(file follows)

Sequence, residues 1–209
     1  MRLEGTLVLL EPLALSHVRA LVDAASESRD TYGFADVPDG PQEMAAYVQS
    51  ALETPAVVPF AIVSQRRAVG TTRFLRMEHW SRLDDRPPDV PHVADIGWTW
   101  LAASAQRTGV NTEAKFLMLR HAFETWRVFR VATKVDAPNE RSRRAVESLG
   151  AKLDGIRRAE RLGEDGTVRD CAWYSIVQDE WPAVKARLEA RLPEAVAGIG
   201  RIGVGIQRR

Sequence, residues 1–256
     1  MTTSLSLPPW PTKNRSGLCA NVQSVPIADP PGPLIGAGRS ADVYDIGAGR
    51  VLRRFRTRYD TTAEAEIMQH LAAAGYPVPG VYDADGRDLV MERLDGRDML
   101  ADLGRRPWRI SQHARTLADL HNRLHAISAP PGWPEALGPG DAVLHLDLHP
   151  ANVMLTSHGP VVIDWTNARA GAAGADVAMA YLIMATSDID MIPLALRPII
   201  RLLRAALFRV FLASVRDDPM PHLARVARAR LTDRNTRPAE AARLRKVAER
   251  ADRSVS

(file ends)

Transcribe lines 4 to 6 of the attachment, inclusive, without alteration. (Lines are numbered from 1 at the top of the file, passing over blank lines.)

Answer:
   101  LAASAQRTGV NTEAKFLMLR HAFETWRVFR VATKVDAPNE RSRRAVESLG
   151  AKLDGIRRAE RLGEDGTVRD CAWYSIVQDE WPAVKARLEA RLPEAVAGIG
   201  RIGVGIQRR